IER Conference: Employment Law Update 2007 - Fairness at Work

Submitted by Anonymous on Wed, 26/09/2007 - 11:57

26 September 2007

­­­­­This conference – timed to coincide with the proposed introduction of new legislation – is also perfectly timed to discuss future strategies on labour law in the light of decisions at both the TUC and Labour Party Conferences.

Workplace relations, labour law and how best to secure fairness at work1 – three expert organisations join forces to lead the debate2.

Labour Deputy Leader candidate and TUC leader to address conference

As commentators discuss the possibility of a fresh round of disputes across industrial sectors, speakers at this event will argue that UK laws need to be improved, updated and strengthened if we are to reduce the number of industrial disputes and the number of claims going to employment tribunals. But for that to happen, a radical approach to reform needs to be on the Brown agenda.

Trade unions need the autonomy and freedoms required to adequately protect and promote the interests of workers. But such autonomy is hampered by the legislative restrictions on unions introduced over the past 25 years. According to John Hendy QC, the leading barrister in the case of ASLEF v UK, (on BNP infiltration into unions and whether unions had the right to expel them) the government is now duty bound to reconsider many of those restrictions in light of the ASLEF decision at the European Court of Human Rights.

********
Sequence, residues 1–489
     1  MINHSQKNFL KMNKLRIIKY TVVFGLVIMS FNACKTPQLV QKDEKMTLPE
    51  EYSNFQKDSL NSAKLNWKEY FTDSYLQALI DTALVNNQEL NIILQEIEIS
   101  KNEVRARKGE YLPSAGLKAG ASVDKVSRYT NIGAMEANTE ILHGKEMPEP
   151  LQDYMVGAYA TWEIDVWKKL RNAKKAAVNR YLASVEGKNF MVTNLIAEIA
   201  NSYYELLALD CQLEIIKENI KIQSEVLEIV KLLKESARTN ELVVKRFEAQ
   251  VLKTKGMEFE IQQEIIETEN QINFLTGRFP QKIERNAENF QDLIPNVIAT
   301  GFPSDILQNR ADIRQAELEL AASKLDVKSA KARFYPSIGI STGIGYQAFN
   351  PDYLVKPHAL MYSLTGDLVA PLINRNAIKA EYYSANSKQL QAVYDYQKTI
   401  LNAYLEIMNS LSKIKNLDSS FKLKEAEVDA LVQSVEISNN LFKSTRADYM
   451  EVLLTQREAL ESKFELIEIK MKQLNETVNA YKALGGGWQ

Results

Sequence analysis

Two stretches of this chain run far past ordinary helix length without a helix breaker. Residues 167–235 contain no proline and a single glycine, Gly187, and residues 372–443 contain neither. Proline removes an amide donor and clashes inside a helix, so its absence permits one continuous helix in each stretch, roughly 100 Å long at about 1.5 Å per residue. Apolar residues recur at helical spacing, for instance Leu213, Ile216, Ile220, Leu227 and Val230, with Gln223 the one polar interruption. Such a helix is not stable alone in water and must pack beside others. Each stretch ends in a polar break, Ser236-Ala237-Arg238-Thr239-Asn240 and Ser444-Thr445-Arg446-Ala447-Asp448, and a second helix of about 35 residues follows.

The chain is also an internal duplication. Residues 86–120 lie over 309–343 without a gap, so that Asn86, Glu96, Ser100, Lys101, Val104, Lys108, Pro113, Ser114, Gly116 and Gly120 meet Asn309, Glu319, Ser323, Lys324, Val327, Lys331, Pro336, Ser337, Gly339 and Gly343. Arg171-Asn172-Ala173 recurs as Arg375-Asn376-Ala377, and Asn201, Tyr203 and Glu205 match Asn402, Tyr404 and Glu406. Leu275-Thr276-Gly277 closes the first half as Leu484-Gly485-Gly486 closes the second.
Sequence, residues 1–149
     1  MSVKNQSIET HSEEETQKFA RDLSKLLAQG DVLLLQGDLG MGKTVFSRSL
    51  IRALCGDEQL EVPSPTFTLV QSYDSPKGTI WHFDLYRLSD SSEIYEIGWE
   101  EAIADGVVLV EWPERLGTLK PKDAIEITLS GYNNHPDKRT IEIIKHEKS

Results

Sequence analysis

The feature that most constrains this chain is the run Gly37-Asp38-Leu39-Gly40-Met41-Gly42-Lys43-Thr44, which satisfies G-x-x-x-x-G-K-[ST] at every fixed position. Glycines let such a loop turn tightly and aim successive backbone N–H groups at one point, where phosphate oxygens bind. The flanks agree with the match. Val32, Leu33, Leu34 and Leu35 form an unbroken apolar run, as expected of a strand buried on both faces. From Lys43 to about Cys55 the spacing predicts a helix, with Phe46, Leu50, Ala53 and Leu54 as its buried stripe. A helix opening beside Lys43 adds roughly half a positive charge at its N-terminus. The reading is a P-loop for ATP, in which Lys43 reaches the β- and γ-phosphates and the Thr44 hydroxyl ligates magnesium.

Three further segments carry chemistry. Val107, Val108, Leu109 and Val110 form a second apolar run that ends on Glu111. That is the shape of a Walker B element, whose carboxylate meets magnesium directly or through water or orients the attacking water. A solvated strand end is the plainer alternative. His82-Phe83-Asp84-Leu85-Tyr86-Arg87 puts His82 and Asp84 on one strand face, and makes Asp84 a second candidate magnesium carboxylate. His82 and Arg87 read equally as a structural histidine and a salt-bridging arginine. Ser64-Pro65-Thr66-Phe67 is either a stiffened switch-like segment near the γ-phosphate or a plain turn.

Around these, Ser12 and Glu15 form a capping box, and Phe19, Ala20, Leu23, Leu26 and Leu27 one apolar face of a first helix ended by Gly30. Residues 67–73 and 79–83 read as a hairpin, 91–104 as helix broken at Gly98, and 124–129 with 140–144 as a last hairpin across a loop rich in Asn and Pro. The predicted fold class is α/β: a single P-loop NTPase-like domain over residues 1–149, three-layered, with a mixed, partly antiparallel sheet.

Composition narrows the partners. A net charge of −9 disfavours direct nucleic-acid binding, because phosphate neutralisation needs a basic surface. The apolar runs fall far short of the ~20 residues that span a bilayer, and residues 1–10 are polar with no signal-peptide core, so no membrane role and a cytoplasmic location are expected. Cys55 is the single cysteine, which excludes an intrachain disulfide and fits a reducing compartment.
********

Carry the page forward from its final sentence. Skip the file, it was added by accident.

The government has agreed to amend UK law but Hendy will argue that the government’s current proposals do not go far enough stating: “The case has wider implications than its effect on membership of political parties”. He will go on to identify at least five additional areas of law which need amending to comply with the legal implications of the case.

According to Hendy, after many years of anti trade union laws “there are many incursions on trade union autonomy in UK law and union lawyers will, no doubt, be reviewing which are most appropriate for legal challenge”.

Other issues covered at the event include the future shape of dispute resolution procedures following the critical review of current arrangements undertaken by Gibbons and an analysis of the strengths and weaknesses of the protection offered to whistleblowers, eight years after the law came into force. The afternoon will focus on discrimination issues with equal pay, victimisation and changes to the burden of proof in race cases high on the agenda.

Jon Cruddas (fresh from running for the Deputy Leadership position) and Frances O’Grady (the highest female leader of the TUC) will both give keynote speeches on their vision for the future of labour law under Brown.


Notes to editors:
(1) Flyer for event attached
(2) TUC, Old Square Chambers and the Institute of Employment Rights
(3) Further information available from Carolyn Jones, 07941 076245
(4) Press places available on request

ELU+07+flyer3.pdf141.56 KB

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